Analysis

A deep dive into Proposition 54

The state Capitol in Sacramento. (Photo: Feoktistoff, via Shutterstock)

By approving Proposition 54, California voters decided to shine a spotlight on the Legislature’s internal proceedings.

The measure, a constitutional amendment, prohibits the Legislature from passing any bill unless it has been in print and published on the Internet for at least 72 hours before the vote, except in limited cases of public emergency. It requires the Legislature to make audiovisual recordings of all its proceedings — except closed-session proceedings authorized by law — and post them on the Internet.

It’s seemingly straightforward, but Proposition 54 leaves unanswered key questions of timing and transparency that will have to be resolved.

Proposition 54, officially called the California Legislature Transparency Act, also allows anybody to record proceedings by audio or video means. Finally, the measure approved Nov. 8 allows recordings of legislative proceedings to be used for any legitimate purpose without payment of any fee to the state.

It’s seemingly straightforward, but Proposition 54 leaves unanswered key questions of timing and transparency that will have to be resolved.

The new procedures carry a potential price tag for state government of $1 million to $2 million annually, according to the Legislature’s nonpartisan fiscal adviser, the Legislative Analyst, and the governor’s budget writer, the Department of Finance.

They estimate another $1 million in costs to make the material available through the Internet.

A wide variety of groups actively supported the adoption of Proposition 54, including the California Chamber of Commerce and Common Cause. The main financial backing for Proposition 54 — more than $10.6 million, according to state disclosure records — came from Charles Munger Jr., a Stanford University physicist and the son of Charles Munger, the partner of billionaire investor Warren Buffett.

As a matter of constitutional separation of powers, the courts have left the internal operations of the Legislature to legislators themselves to determine.

But the people can change the state constitution in order to impose new or different rules on the Legislature. And that is what voters have done by approving Proposition 54 nearly 2-to-1.

Does the new language mean now that a bill may not pass either house’s floor without the bill having been in print at least 72 hours?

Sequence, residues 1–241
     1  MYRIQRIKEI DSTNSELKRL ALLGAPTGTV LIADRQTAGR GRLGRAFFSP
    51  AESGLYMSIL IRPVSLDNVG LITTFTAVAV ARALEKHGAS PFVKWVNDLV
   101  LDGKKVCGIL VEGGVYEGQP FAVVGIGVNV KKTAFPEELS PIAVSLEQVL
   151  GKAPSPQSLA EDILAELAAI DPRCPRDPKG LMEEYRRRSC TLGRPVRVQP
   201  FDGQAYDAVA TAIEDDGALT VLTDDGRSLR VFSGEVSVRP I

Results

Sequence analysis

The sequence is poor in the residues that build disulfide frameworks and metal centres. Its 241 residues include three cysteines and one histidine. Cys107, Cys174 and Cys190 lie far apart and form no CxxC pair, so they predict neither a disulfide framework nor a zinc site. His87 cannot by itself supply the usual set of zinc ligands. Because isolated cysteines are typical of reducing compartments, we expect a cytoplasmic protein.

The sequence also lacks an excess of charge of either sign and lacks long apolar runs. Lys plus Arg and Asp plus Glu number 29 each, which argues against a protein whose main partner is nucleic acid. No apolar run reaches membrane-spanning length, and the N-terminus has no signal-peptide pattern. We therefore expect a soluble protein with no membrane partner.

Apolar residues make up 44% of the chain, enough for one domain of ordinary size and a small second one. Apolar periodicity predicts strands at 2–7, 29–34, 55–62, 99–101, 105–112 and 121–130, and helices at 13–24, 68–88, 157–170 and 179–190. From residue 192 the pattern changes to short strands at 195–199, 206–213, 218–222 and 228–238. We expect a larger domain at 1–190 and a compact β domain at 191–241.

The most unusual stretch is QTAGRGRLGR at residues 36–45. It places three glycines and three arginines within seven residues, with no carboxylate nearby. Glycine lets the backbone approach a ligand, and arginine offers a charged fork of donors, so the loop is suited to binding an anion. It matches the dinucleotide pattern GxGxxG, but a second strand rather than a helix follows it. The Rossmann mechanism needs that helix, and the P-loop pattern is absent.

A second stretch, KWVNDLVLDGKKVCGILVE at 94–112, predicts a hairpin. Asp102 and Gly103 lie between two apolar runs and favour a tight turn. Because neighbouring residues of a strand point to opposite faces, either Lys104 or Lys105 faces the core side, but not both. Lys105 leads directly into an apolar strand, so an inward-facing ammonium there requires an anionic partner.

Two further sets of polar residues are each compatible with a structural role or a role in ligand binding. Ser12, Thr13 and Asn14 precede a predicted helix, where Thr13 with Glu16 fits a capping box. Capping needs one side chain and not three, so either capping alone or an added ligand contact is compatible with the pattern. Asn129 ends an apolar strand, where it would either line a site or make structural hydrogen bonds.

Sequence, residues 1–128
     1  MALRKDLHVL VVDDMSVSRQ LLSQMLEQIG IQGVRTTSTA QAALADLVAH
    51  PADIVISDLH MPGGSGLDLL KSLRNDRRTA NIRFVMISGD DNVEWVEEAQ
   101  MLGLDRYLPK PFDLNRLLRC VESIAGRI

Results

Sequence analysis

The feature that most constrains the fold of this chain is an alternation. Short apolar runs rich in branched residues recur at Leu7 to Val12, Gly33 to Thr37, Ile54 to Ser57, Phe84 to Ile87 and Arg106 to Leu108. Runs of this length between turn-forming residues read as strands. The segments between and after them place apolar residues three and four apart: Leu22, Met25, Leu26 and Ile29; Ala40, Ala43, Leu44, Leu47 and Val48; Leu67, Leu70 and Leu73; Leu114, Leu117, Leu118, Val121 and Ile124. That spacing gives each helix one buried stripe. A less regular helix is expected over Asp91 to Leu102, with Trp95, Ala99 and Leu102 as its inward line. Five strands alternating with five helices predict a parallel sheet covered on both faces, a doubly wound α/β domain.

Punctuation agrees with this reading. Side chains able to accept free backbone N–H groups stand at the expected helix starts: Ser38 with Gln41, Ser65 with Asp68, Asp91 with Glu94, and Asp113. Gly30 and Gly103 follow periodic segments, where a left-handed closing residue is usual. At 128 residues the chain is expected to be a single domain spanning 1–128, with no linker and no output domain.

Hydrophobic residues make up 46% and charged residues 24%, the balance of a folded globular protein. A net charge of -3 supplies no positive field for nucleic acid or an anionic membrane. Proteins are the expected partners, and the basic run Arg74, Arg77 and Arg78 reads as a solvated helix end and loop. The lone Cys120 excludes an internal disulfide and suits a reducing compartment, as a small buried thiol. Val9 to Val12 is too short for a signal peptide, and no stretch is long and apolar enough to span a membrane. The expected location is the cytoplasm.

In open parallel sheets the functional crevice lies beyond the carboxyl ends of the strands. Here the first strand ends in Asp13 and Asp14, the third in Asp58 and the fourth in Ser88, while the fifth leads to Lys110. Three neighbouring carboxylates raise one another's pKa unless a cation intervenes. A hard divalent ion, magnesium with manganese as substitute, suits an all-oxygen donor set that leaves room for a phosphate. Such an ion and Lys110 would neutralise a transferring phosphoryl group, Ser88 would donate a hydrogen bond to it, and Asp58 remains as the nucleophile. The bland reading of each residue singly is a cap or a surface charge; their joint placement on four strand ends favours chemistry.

For those in the Capitol community who want to review the legal language, here it is: Proposition 54 amended Article IV, Section 8(b) of the California Constitution related to the 72-hour requirement.

This amended section now reads as follows:

“(b)(2) No bill may be passed or ultimately become a statute unless until the bill with any amendments has been printed, and distributed to the members, and published on the Internet, in its final form, for at least 72 hours before the vote, except that this notice period may be waived if the Governor has submitted to the Legislature a written statement that dispensing with this notice period for that bill is necessary to address a state of emergency, as defined in paragraph (2) of subdivision (c) of Section 3 of Article XIIIB, that has been declared by the Governor, and the house considering the bill thereafter dispenses with the notice period for that bill by a separate rollcall vote entered in the journal, two thirds of the membership concurring, prior to the vote on the bill.”

But this new constitutional requirement raises questions:

–First, Proposition 54 adds “no bill may be passed” to the existing language. Under the custom and practice of both the Assembly and Senate, this provision has been applied to the floors of each house (but not to committees). Does the new language mean now that a bill may not pass either house’s floor without the bill having been in print at least 72 hours?

In other words, does this requirement apply both at the house-of-origin deadline as well as the end-of-session deadline? Or does it apply any other time a bill is taken up on either floor of the Legislature? However, later in this sentence is another new provision, “in its final form.”

Do legislators know whether the bill passing off the floor of its house of origin is actually in its “final form”?

–Second, Proposition 54 declares no bill may “ultimately become a statute” unless it complies with the 72-hour requirement. Is this language duplicative of the earlier requirement of the bill being in its “final form,” or is this a different requirement? Does this mean the 72-hour notice applies only to the final floor vote right before the bill is sent to the governor’s desk?

Proposition 54 adds the additional requirement that the amended bill must now be published on the Internet, which usually occurs the evening of the same day that the bill was amended.